Cities take lead on air pollution

2nd June 2016

Related Topics

Related tags

  • Politics & Economics ,
  • England ,
  • Pollution & Waste Management ,
  • Air ,
  • Prevention & Control


Charlotte Dickinson

The growing need to tackle poor air quality in cities around the world is resulting in direct action.

Although central governments seem unable or unwilling to take the necessary steps to bring air quality within the ‘safe limits’ set out by the World Health Organization (WHO), more cities are facing up to the challenge and introducing control measures.

One of the first acts by the new London mayor, Sadiq Khan, was to commit to substantially increasing the size of London’s ultra-low emissions zone (ULEZ) and to bring forward plans to implement it. The ULEZ will set new emissions standards for vehicles so that only the newest, cleanest diesel vehicles can be driven in central London.

The aim is to reduce the estimated 9,500 premature deaths in London every year due to long-term exposure to air pollution, and bring the capital’s air quality within EU limits. Figures for the UK as a whole show that up to 40,000 people die prematurely each year from poor air quality (including from indoor air pollution).

Updated figures for London from the WHO air pollution database show that annual mean levels of PM10 are 22ug/m3 – just above the recommended 20ug/m3. Levels of PM2.5 are 15ug/m3, compared with the recommended 10ug/m3.

It is not just London where action is being taken. In Delhi, the sale of diesel cars with two-litre engines or higher have been banned, and city authorities have introduced alternate day access for cars based on odd/even number plates. Paris has taken similar action and introduced weekend car bans in many areas.

The UN projections are for the global population to grow by 2.5 billion over the next 34 years, reaching 9.7 billion by 2050. Mega-cities will become the norm and new forms of mobility will be required that are clean and low-carbon.


Subscribe to IEMA's newsletters to receive timely articles, expert opinions, event announcements, and much more, directly in your inbox.

Transform articles

How much is too much?

While there is no silver bullet for tackling climate change and social injustice, there is one controversial solution: the abolition of the super-rich. Chris Seekings explains more

4th April 2024

Read more

Alex Veitch from the British Chambers of Commerce and IEMA’s Ben Goodwin discuss with Chris Seekings how to unlock the potential of UK businesses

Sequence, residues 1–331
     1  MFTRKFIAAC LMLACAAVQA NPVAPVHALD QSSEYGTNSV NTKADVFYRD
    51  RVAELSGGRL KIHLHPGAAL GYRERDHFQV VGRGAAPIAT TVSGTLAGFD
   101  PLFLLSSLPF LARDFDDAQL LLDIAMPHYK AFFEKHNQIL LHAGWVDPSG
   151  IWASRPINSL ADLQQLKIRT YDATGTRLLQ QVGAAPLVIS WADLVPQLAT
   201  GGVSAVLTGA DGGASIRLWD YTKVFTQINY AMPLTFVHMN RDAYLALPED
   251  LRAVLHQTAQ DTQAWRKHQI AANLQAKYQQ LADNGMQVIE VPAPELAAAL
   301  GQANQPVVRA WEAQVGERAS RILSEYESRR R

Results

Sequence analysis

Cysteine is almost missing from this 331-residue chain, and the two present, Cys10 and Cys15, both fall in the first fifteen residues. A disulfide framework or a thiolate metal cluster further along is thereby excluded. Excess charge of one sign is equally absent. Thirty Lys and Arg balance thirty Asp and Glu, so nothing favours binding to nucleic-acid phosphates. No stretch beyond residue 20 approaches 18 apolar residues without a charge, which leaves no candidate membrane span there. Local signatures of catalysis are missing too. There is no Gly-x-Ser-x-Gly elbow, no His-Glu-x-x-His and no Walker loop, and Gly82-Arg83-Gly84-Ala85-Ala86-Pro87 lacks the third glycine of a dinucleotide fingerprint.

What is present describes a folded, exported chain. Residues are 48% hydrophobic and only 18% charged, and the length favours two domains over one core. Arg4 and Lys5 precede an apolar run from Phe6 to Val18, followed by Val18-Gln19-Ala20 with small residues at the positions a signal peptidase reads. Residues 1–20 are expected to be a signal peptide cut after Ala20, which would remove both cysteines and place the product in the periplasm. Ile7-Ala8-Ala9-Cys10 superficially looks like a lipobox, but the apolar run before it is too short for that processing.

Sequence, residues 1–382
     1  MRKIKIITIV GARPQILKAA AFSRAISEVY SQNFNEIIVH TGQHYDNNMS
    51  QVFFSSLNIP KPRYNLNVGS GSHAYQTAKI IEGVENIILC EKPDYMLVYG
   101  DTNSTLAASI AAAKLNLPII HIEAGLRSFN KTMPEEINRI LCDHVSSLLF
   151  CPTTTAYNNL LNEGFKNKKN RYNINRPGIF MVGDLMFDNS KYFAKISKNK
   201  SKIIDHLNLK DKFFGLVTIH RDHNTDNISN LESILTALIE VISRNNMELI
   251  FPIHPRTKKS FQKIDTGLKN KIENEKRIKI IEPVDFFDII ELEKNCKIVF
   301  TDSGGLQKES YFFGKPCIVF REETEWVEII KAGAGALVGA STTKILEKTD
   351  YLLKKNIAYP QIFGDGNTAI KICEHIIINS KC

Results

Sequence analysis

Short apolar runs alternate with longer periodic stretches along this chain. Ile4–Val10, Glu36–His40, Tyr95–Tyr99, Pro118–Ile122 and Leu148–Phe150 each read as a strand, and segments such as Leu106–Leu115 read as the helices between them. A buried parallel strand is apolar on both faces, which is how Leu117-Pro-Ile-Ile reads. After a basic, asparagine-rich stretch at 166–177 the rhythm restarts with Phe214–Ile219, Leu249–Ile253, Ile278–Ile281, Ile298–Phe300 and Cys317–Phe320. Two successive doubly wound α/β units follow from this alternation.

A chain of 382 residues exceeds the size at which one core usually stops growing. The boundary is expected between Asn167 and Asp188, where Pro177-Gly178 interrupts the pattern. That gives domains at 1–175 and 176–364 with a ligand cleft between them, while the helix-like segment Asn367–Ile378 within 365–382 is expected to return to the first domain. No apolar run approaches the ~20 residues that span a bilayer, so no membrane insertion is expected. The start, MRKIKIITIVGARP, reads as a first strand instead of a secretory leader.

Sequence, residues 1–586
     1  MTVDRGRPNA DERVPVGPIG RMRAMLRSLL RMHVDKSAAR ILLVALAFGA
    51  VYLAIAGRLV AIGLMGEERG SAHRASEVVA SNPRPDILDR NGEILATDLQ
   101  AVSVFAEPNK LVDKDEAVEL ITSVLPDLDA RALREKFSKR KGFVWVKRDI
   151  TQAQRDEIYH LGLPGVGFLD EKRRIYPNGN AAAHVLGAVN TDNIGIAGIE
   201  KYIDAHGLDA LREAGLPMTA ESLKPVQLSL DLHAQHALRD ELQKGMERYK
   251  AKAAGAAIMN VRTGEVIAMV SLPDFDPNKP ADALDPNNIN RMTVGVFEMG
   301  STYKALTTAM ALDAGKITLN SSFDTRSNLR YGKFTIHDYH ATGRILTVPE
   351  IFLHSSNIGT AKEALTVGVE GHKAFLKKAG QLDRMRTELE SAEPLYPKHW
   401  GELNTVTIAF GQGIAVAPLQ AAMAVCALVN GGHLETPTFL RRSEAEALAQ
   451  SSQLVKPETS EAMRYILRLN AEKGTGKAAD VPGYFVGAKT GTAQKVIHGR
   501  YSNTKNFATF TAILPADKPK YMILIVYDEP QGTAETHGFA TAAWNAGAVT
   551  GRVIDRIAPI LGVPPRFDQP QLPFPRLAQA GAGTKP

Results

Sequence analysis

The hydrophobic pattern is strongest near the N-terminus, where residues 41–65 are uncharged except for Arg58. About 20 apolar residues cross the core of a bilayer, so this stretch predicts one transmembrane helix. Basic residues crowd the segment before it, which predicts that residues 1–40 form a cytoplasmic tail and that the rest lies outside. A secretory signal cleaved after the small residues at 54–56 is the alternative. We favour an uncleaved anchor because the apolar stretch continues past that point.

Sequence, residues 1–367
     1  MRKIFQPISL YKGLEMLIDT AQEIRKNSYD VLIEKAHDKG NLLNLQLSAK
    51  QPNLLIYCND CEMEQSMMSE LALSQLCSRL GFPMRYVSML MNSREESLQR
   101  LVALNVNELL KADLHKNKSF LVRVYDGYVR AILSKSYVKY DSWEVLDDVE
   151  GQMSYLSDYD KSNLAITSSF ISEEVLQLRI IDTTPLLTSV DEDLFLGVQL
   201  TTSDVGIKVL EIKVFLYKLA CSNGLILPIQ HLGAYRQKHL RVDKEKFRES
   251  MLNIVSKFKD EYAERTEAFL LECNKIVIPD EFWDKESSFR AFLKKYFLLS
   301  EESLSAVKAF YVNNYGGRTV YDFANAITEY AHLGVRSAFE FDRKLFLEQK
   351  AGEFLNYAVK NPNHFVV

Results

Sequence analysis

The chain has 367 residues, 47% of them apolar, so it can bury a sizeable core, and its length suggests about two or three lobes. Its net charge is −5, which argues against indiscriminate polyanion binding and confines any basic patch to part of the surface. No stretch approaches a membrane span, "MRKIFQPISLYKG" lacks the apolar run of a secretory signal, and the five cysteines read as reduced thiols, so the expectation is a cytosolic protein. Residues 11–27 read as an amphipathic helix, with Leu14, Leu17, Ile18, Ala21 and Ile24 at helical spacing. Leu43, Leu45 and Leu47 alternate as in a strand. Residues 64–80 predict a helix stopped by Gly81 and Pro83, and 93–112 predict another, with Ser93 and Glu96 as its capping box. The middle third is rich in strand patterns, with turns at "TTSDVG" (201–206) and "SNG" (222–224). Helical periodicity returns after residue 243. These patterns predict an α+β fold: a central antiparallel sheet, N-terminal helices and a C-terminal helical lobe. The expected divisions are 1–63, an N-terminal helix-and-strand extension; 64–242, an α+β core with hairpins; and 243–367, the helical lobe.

4th April 2024

Read more

Five of the latest books on the environment and sustainability

3rd April 2024

Read more

The UK’s major cities lag well behind their European counterparts in terms of public transport use. Linking development to transport routes might be the answer, argues Huw Morris

3rd April 2024

Read more

Ben Goodwin reflects on policy, practice and advocacy over the past year

2nd April 2024

Read more

A hangover from EU legislation, requirements on the need for consideration of nutrient neutrality for developments on many protected sites in England were nearly removed from the planning system in 2023.

2nd April 2024

Read more

It’s well recognised that the public sector has the opportunity to work towards a national net-zero landscape that goes well beyond improving on its own performance; it can also influence through procurement and can direct through policy.

19th March 2024

Read more

The UK government’s carbon capture, usage and storage (CCUS) strategy is based on optimistic techno-economic assumptions that are now outdated, Carbon Tracker has warned.

13th March 2024

Read more

Media enquires

Looking for an expert to speak at an event or comment on an item in the news?

Find an expert

IEMA Cookie Notice

Clicking the ‘Accept all’ button means you are accepting analytics and third-party cookies. Our website uses necessary cookies which are required in order to make our website work. In addition to these, we use analytics and third-party cookies to optimise site functionality and give you the best possible experience. To control which cookies are set, click ‘Settings’. To learn more about cookies, how we use them on our website and how to change your cookie settings please view our cookie policy.

Manage cookie settings

Our use of cookies

You can learn more detailed information in our cookie policy.

Some cookies are essential, but non-essential cookies help us to improve the experience on our site by providing insights into how the site is being used. To maintain privacy management, this relies on cookie identifiers. Resetting or deleting your browser cookies will reset these preferences.

Essential cookies

These are cookies that are required for the operation of our website. They include, for example, cookies that enable you to log into secure areas of our website.

Analytics cookies

These cookies allow us to recognise and count the number of visitors to our website and to see how visitors move around our website when they are using it. This helps us to improve the way our website works.

Advertising cookies

These cookies allow us to tailor advertising to you based on your interests. If you do not accept these cookies, you will still see adverts, but these will be more generic.

Save and close